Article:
A former Howard County fire officer is suing in federal court to get his job back, alleging that the county violated his rights by firing him for personal Facebook discussions about gun control, free speech and "liberal" politics.
Former Battalion Chief Kevin P. Buker, who worked for the Howard County Department of Fire and Rescue Services from 1997 until he was let go in March, contends that the county violated his First Amendment rights by prohibiting speech on public issues that did not interfere with his job performance.
Public employees in Maryland have been demoted and disciplined for online activities before, but lawyers who practice in the field said they knew of no similar cases here in which a government worker has been fired.
In a complaint filed last month in U.S. District Court, Buker's lawyers argued that the department "has never identified any disruption to the workplace that occurred as a result of any of Mr. Buker's aforementioned Facebook activities, or the responses to those activities by third parties, and no such disruptions occurred."
Buker — who according to the county was making $103,659 when he was fired — is asking to be reinstated and to be paid back salary, benefits, attorney fees and compensatory damages for "mental anguish and distress."
Edward S. Robson, Buker's lead lawyer, said the county made it "very clear" in his termination notice that "the reason they terminated him was because of the substance of his comments on Facebook," not because he was spending time on social media while on duty.
Howard County Solicitor Margaret Ann Nolan said in an email that "the employment action taken did not violate the law; the specific arguments in support of that defense will be set out in our written response filed in court."
She declined to elaborate but noted that the county has until Nov. 12 to file its formal response to the lawsuit.
One of two battalion chiefs in the 400-member department, Buker was on a 24-hour shift at the Ellicott City station Jan. 20 as the news of weeks before was filled with debate about gun control after the mass shooting at Sandy Hook Elementary School in Newtown, Conn.
Using his personal Facebook page that did not identify him as a member of the county fire department, the court document says Buker posted: "My aide had an outstanding idea. ... Let's kill someone with a liberal ... then maybe we can get them outlawed too! Think of the satisfaction of beating a liberal with another liberal. ... Its almost poetic."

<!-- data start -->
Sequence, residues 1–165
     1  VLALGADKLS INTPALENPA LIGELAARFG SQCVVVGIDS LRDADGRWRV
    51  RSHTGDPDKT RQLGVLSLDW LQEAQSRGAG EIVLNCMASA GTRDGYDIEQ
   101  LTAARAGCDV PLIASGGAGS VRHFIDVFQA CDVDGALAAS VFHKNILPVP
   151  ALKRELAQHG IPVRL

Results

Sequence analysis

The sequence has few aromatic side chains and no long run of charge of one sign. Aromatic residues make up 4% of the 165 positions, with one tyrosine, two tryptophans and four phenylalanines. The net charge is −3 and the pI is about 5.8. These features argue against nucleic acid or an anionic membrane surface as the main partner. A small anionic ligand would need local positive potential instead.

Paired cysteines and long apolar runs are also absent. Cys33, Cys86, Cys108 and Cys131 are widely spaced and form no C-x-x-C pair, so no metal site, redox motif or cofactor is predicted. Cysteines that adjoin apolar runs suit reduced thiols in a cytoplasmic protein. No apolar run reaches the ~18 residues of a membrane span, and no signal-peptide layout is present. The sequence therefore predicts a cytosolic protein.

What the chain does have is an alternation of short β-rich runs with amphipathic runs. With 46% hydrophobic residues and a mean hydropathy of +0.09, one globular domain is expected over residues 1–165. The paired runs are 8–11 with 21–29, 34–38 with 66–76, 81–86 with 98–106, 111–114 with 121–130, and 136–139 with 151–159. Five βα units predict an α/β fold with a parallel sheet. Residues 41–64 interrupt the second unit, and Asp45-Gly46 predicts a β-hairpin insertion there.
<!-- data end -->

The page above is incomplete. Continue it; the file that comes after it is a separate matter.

One of Buker's Facebook friends, Mark Grutzmacher, responded online, saying, "But ... was it an [assault] liberal'? Gotta pick a fat one, those are the 'high capacity' ones. Oh pick a black one, those are more 'scary.' Sorry, had to perfect on a cool idea!"
Buker "liked" Grutzmacher's comment, adding, "Too cool, Mark Grutzmacher."
In an interview, Robson said Grutzmacher's comment was not racial, but referred strictly to discussions in Congress about assault weapons that are black and have high-capacity ammunition clips. The county saw it differently, he said.
Buker's termination notice referred to the "racial overtones" of Grutzmacher's remark, which was characterized as "insensitive and derogatory in nature," Robson said.
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According to the complaint, Grutzmacher, a volunteer firefighter, also was dismissed. Neither Buker nor Grutzmacher could be reached for comment.
On Assistant Chief John Jerome's order, Buker removed the original post Jan. 23, adding a comment on Facebook that he did so in response to instructions from his supervisor and to "prevent future 'butthurt,' " the complaint said.
That generated further comments, according to the complaint, including one that said Buker should be free to express himself so long as it wasn't about the fire department.
"Unfortunately, not in the current political climate," Buker responded. "Howard County, Maryland and the Federal Government are all Liberal Democrat held at this point in time. Free speech only applies to the liberals."
Buker was not at the fire station when he posted to Facebook on Jan. 23, according to county spokesman David Nitkin.
Two days later, Buker was moved out of field operations as the department conducted an investigation. Effective March 6, Buker was dismissed.